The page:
Orion is one of the most well-known and easily recognized constellations of the winter sky. The three bright blue stars in Orion’s belt seem to draw our attention instantly.1 Such stars are a strong confirmation of the biblical timescale.
Most stars generate energy by the process of nuclear fusion of hydrogen into helium in the stellar core. This is a very efficient power source. Theoretically, a star like the sun has enough hydrogen in its core to keep it burning for ten billion years. But that’s not the case with blue stars.
Blue stars are always more massive than the sun. This means they have more hydrogen available as fuel. Yet, blue stars are much brighter than the sun; some are over 200,000 times brighter!2 They are “burning” their fuel much more quickly than the sun, and therefore cannot last billions of years. Based on their observed luminosity, the most massive blue stars cannot last even one million years before running out of fuel.
None of this is a problem for the biblical timescale of about 6,000 years for the age of the universe. But if the universe were 13.7 billion years old, as secularists allege, then it really shouldn’t have blue stars. Yet blue stars abound in every known spiral galaxy. It seems that these galaxies cannot be even one million years old.
Secular astronomers must assume that new blue stars have formed recently to replace all those that have burned out over deep time. They claim that some nebulae (clouds of hydrogen gas) eventually collapse under their own gravity to form a new star. Some astronomy textbooks even have pictures of nebulae labeled as “star-forming regions” or “stellar nurseries,” as if star formation were an observed fact. But it is not. Star formation has never been observed.
Star formation is problematic at best.3 Gas is very resistant to being compressed. On earth, gas always fills its container. In space, there is no container. So gas expands indefinitely. If the gas could be forced into a sphere that is very small (in comparison to a nebula) such as the sun, then the gas would be held together by its own gravity. However, in a typical nebula, the gas pressure far exceeds the miniscule force of gravity. Secular astronomers now believe that external forces, such as a shockwave from an exploding star, are necessary in most cases to trigger star formation.4 Observations confirm that gas clouds expand; they do not appear to collapse into stars.
Even if we could compress the nebula sufficiently to the point that the force of gravity was strong enough to prevent the gas from expanding, other effects would kick in, thereby preventing the formation of a star. Clouds of gas always have a weak magnetic field, which would be concentrated if the cloud were compressed. This dramatically increases the field strength. The magnetic pressure would halt a shrinking cloud and drive it to re-expand.5 It’s a bit like trying to push the like poles of two magnets together.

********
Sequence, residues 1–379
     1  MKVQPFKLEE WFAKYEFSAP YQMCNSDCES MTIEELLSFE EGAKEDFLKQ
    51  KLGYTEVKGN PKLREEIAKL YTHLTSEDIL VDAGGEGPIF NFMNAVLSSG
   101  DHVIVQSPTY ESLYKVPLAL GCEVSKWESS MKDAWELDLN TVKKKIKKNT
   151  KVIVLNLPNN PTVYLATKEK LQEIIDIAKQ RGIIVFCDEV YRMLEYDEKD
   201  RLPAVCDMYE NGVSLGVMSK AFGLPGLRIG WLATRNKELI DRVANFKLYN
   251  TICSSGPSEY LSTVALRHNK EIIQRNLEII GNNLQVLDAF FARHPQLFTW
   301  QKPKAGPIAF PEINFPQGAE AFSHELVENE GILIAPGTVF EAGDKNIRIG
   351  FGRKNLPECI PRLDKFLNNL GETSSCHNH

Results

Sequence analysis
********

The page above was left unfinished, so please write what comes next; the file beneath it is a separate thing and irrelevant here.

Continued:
Also, gas clouds always have a small amount of angular momentum; they rotate, if ever so slowly. But much like a skater who pulls her arms and legs in as she spins, a collapsing gas cloud would spin-up dramatically. The “centrifugal force” generated would tend to prevent any further collapse. Gas pressure, magnetic field strength, and angular momentum all work to prevent star formation. From a scientific perspective, naturalistic star formation appears unlikely at best. The evidence seems far more consistent with the biblical account—it appears that stars were supernaturally created only thousands of years ago. With blue stars scattered across the cosmos, our universe certainly “looks” young.
- Going from east to west, the stars are named Alnitak, Alnilam, and Mintaka.
- Alnilam—the center star in Orion’s belt—is a blue supergiant with a luminosity that is 275,000 times greater than the sun.
- Wiebe, D. Z. et al. 2008. Problems of Star Formation Theory and Prospects of Submillimeter Observations. Cornell University Library. Posted on arxiv.org July 21, 2008, accessed July 13, 2012.
- But, of course, this would require a previous star, and so it cannot be used to explain the formation of the first stars.
- Hartmann, L. 2008. Accretion Processes in Star Formation, 2nd edition. Cambridge, UK: Cambridge University Press, 57-58.
* Dr. Lisle is Director of Physical Sciences at the Institute for Creation Research and received his Ph.D. in Astrophysics from the University of Colorado.
Cite this article: Lisle, J. 2012. Blue Stars Confirm Recent Creation. Acts & Facts. 41 (9): 16.